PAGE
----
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  • Ashley Wilson

Should We Throw Cap Rates Out the Window?



Everywhere you turn people are talking about the changes in values. On the news, reporters are talking about home values going down; in commercial real estate, lenders and brokers are talking about the cap rate expansion (which signifies declines in values). With everyone talking about values going down, it must be true, right?!?

Before I address this question, I want to first address the definition of value. One definition of value is the estimate of the monetary worth of something. So how do we “estimate” the monetary worth?

In residential real estate we have historically used the comparable sales approach. This allows a similar house’s sale to be used as a benchmark to determine the price point in which a comparable house should transact. In commercial real estate there are three ways in which to estimate the monetary worth. First, is the comparable sales approach. Second is the replacement value approach (think of how insurance companies perform an appraisal to determine the cost to rebuild a structure in the case of a catastrophic event). And third is the Net Income Approach (or NOI Approach) in which the property’s annualized profits minus expenses are divided by the trading market cap rate. Historically, the NOI Approach has been the preferred method for investors when purchasing commercial real estate, but is that about to change?

As interest rates continue to creep up there is a trickle down effect on the trading cap rates. In other words the market cools down as the debt (the largest part of the capital stack) becomes more expensive and in turn decreases what one can pay for a property. The problem with the NOI evaluation method in this scenario is the lag time between interest rates impacting cap rates. The other problem is typically a rise in interest rates inadvertently impacts other commodities, for example building materials. Thus, replacement values surge. To put this in perspective, if you looked at an apartment in Q1 2022 the asking price could have been 180k/door. Today, with the current interest rates, let’s say you can only pay 150k/door. However, if you were to rebuild that same property, maybe you can only do it for 175k/door. So, what is the value?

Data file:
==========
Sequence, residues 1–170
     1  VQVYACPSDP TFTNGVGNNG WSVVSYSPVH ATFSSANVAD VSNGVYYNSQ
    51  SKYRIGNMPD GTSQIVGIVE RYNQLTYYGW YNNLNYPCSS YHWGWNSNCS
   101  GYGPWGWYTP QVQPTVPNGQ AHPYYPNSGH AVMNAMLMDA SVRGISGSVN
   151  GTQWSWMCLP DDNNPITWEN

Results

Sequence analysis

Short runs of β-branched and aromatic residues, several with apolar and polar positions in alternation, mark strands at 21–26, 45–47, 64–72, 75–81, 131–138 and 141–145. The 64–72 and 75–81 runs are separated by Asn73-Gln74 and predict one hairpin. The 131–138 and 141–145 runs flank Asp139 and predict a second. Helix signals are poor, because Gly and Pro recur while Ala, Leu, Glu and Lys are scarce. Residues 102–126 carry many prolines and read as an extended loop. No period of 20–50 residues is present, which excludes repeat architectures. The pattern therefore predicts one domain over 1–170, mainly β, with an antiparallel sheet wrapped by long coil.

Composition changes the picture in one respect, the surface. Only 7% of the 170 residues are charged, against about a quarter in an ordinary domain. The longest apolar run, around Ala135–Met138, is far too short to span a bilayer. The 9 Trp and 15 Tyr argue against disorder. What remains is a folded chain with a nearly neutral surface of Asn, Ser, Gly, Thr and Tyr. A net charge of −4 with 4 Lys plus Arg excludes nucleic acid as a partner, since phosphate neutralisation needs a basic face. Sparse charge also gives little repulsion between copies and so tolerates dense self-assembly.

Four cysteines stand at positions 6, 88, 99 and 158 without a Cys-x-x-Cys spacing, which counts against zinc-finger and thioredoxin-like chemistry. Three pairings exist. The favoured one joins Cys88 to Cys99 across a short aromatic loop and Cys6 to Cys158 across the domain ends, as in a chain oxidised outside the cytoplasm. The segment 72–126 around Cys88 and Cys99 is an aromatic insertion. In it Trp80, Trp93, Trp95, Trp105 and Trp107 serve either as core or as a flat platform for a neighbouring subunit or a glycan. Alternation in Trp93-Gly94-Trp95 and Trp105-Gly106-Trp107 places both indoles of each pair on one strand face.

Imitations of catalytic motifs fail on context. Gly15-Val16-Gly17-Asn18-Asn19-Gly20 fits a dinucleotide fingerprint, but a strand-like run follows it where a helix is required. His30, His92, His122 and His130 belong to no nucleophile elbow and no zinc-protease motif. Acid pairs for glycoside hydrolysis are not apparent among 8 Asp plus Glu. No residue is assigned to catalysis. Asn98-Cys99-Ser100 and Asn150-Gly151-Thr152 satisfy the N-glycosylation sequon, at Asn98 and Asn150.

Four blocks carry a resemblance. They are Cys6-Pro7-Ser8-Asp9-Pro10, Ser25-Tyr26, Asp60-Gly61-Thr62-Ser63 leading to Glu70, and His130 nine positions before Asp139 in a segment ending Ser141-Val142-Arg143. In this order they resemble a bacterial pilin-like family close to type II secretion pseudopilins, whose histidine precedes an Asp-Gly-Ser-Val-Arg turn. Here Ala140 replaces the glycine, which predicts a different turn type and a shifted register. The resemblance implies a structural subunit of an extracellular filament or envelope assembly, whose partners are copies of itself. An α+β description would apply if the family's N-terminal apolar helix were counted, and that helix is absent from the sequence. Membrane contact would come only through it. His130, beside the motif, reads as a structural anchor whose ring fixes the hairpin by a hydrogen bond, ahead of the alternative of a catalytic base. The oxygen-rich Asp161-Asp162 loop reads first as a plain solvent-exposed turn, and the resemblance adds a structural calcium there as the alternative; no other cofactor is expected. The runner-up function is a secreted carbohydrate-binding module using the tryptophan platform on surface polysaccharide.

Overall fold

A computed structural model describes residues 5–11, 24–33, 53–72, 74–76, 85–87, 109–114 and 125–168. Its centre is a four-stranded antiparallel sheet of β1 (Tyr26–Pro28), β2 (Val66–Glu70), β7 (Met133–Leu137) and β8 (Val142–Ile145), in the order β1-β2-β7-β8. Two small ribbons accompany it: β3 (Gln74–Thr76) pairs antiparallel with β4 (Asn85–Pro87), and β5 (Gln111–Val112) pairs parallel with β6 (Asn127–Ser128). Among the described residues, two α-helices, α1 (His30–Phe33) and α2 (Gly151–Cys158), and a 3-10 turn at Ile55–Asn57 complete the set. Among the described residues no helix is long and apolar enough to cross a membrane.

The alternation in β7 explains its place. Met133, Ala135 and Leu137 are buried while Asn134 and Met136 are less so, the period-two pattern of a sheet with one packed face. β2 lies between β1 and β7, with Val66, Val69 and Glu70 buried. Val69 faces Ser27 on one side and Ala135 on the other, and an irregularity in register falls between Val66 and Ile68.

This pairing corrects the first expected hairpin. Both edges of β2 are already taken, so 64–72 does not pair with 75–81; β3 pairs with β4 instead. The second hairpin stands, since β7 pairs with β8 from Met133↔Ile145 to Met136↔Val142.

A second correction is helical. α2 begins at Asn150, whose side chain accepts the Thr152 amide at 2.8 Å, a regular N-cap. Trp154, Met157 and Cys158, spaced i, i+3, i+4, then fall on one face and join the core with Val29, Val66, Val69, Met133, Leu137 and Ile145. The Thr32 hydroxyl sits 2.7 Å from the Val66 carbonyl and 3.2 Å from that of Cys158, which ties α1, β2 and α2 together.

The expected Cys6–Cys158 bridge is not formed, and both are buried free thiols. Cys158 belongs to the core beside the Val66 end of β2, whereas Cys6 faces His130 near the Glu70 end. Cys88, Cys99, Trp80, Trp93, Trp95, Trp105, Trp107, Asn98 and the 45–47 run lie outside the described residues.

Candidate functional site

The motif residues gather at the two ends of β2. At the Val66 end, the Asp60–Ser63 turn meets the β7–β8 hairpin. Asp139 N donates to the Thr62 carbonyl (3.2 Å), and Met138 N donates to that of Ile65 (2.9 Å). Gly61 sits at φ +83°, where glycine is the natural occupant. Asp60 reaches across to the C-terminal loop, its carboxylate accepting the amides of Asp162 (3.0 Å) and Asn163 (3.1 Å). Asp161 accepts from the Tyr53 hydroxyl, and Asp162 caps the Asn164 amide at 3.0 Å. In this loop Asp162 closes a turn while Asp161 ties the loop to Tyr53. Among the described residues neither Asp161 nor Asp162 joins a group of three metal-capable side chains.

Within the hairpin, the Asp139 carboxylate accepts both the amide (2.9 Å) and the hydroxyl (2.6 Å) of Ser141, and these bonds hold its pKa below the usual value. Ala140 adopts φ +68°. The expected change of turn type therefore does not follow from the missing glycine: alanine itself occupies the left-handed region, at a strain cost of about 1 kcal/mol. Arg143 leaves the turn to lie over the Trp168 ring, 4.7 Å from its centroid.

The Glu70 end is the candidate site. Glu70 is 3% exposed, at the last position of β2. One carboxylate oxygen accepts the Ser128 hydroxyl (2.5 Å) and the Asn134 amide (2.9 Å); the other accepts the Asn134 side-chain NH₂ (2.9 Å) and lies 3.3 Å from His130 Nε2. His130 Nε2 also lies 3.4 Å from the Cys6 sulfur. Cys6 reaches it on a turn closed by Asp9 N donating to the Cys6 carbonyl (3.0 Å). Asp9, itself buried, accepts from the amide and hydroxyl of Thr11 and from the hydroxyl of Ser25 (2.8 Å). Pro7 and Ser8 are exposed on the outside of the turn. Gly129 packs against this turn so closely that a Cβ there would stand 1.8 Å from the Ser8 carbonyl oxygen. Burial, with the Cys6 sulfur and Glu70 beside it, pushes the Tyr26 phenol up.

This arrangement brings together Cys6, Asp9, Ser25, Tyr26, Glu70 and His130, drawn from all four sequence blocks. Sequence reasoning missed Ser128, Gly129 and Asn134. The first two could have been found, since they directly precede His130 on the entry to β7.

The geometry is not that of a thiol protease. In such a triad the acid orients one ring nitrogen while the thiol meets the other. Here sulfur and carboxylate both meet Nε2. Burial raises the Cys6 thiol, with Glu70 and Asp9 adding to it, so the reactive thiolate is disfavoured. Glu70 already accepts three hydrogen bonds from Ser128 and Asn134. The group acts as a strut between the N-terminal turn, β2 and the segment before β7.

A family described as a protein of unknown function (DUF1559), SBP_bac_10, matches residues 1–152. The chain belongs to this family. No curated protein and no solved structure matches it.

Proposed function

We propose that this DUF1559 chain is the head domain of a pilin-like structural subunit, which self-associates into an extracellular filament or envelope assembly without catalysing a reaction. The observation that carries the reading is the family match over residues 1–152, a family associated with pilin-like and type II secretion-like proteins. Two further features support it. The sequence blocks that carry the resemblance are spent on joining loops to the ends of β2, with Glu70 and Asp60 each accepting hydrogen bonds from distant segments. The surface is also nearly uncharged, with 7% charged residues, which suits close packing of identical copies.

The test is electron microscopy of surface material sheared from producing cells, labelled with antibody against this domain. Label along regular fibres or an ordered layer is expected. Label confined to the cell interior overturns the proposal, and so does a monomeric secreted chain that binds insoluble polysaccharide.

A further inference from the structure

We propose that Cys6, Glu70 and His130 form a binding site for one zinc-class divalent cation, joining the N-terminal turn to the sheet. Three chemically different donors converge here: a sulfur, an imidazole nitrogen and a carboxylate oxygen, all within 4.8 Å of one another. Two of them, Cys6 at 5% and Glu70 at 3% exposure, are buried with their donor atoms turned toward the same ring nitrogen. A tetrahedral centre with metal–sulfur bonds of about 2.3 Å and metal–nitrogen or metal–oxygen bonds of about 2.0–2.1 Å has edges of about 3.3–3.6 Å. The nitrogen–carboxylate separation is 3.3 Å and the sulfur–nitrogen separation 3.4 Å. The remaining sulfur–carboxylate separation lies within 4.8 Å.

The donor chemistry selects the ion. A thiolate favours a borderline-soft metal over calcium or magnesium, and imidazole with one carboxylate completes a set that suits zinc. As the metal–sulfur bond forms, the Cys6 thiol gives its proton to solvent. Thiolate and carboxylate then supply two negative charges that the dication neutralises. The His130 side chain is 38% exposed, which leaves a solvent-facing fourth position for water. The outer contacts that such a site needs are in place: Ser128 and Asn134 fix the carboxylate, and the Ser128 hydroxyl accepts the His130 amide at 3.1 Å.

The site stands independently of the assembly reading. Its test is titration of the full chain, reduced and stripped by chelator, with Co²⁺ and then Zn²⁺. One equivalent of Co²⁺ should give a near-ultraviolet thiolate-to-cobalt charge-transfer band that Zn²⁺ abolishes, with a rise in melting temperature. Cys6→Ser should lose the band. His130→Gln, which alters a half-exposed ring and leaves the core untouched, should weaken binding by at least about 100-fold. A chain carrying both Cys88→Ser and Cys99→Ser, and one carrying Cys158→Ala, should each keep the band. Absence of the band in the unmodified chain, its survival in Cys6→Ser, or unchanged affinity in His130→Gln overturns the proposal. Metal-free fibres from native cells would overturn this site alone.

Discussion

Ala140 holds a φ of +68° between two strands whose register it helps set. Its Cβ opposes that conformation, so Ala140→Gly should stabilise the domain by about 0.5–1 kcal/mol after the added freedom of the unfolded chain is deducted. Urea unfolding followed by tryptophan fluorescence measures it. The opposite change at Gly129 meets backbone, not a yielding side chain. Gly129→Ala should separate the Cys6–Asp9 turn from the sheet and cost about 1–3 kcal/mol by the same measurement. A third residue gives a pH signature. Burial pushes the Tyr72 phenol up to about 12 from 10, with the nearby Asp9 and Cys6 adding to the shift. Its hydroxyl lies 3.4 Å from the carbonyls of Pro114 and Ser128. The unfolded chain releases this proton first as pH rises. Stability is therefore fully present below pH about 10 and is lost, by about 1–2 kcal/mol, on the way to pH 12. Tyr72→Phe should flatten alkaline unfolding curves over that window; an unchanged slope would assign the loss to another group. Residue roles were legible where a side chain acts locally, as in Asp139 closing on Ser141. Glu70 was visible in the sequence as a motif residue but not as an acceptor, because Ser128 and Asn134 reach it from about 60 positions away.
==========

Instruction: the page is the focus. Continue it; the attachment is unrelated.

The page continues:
Personally, I don’t think the answer is straightforward. I actually believe it to be a combination of both the NOI approach and the replacement value approach. If you are thinking I am making an argument to invest for appreciation, you are half right. Before everyone grabs their torches and pitchforks I do not believe in investing solely for appreciation. However, at some point cap rates will cease to expand. They might become stagnant or they might start to compress again. Unfortunately my crystal ball is broken so I do not 100% know the answer. As history tends to repeat itself, I am guessing they will compress again at some point, which if you believe in my argument above about not being able to build at the same price as what some apartments are asking today, the apex might be near.

There is one other factor to consider and that is investment risk profile. As the stock market remains the standard of which most investments are compared against, it is important to consider alternative investments' influence on each investment option. Multifamily real estate has historically been known as one of the safest investments, personally I believe much safer than the stock market. However, if you look at the stock market’s longterm profile, it historically returns 8% while remaining a very liquid investment option. The majority of multifamily investment vehicles, while returning higher returns, is not so liquid. These factors also influence where investors place their capital, which in turn, impacts pricing.

While I will not pretend to solve this question in one post, I do believe that the historic method of the NOI approach being the sole method in evaluating multifamily property values is no longer valid. What other factors do you think should be considered when determining value?


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